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Irena Sendler – the “female Schindler” who saved 2,500 Jewish children

Goran Blazeski

“I was brought up to believe that a person must be rescued when drowning, regardless of religion and nationality.” –  Irena Sendler. 

Irena Sendler was born on February 15, 1910, to a family in Warsaw, Poland. Her father died when she was only seven years old, so her mother had to struggle alone to send Irena to school, and later to Warsaw university, where she studied literature.

She was a true modern hero who risked her own life in order to save the lives of 2500 Jewish children. She smuggled the children out of Warsaw in coffins, ambulances, suitcases, and rucksacks, also providing them with false identities.

Irena Sendlerowa, chairman of children section of Polish underground Council to Aid Jews in Warsaw, who saved several thousands of Jewish children during Holocaust.

Irena Sendlerowa, chairman of children section of Polish underground Council to Aid Jews in Warsaw, who saved several thousands of Jewish children during Holocaust.

The Second World War began with the invasion of Poland in 1939. At that time, Irena was a 29-year-old graduate working as a social worker in the capital. She was employed by the Welfare Department of the Warsaw Municipality. During the Nazi occupation, Warsaw’s Jews were imprisoned behind a ghetto wall without food or medicine. Irena witnessed the imprisonment of nearly 500,000 Jews in the Warsaw ghetto – an area the size of New York’s Central Park. She saw the opportunity to help the children escape and she risked her life to save them.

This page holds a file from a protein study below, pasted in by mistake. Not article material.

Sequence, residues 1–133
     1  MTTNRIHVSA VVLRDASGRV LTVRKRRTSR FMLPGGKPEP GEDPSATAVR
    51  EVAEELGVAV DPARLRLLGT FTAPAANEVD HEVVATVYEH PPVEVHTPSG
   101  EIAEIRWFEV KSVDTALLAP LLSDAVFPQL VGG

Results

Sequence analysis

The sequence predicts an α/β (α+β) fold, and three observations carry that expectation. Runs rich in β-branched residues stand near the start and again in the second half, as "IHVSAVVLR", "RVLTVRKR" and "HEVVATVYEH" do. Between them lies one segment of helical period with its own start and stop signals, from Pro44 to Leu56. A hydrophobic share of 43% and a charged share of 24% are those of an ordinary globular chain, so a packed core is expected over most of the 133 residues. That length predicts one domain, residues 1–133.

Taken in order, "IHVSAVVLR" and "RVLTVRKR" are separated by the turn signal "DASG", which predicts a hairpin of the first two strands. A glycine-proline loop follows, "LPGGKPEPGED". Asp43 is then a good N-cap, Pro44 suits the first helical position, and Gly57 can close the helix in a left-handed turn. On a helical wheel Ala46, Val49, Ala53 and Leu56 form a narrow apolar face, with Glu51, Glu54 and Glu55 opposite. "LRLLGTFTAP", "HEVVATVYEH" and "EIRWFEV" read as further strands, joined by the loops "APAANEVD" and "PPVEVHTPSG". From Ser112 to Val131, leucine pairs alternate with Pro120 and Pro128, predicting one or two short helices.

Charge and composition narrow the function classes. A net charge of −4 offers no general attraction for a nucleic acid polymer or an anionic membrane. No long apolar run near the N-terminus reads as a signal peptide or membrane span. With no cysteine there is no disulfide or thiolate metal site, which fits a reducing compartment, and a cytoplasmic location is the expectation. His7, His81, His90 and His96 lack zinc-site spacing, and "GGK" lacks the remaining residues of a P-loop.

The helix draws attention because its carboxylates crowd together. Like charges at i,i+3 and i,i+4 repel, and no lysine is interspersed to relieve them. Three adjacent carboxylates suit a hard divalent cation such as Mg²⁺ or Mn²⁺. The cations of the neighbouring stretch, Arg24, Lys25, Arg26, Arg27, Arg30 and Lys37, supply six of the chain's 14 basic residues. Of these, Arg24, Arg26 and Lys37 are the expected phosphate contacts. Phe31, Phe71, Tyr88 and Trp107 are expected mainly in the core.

Everyone in Poland was warned that any attempt to help Jewish people would result in them being tortured and killed, together with the rest of their family.

Jewish children in the Warsaw Ghetto. Photo Credit

Jewish children in the Warsaw Ghetto. Photo Credit

Together with her closest friends, Irina brought in aid and smuggled Jewish orphans out of the ghetto in coffins, suitcases, and on one occasion, in a tool box. The older children were led out through secret passageways and the city’s sewers.

Taking advantage of the Germans’ paranoia about germs, she was able to go into the ghetto under the ruse of wanting to stop the spread of disease. Officially, she was doing her job of examining the Jews for signs of illness. At the same time, she was on a mission – to save as many children as she could.

Nazi German poster in German and Polish (Warsaw, 1942) threatening death to any Pole who aided Jews

Nazi German poster in German and Polish (Warsaw, 1942) threatening death to any Pole who aided Jews

When children were smuggled out they were taken in different orphanages and they were given false identity cards. Children were to be returned to their families after the war. Irena kept a list of children she saved, hoping that they will be reunited with their families. Unfortunately, most of the parents were killed or missing when the war was over.

On October 20, 1943, the Gestapo surrounded Irina’s home. The list with all the children she saved was in her house. In that moment of panic, she gave it to her colleague and went to open the door. The list was saved only because her friend hid it in her underwear. The same night, Irena was arrested and taken to the Pawiak prison where she was tortured for several days. One leg and one hand were fractured. She refused to reveal anything to the Germans, so she was sentenced to death. However, her friends managed to bribe the guards to free her. Using a new identity she continued to try and save lives.

Sendler with some people she saved as children, Warsaw, 2005. Photo Credit

Sendler with some people she saved as children, Warsaw, 2005. Photo Credit

Finally, the war was over. But a new one began for Irina. The Russians took over and occupied Poland and Irena was interrogated and beaten for her liberal views. She spent two years in prison. Even this came to an end. In 1989 communism fell in Poland and after many years Irina Sendler was recognized for her humanitarian work. She died on 12 May 2008, at the age of 98.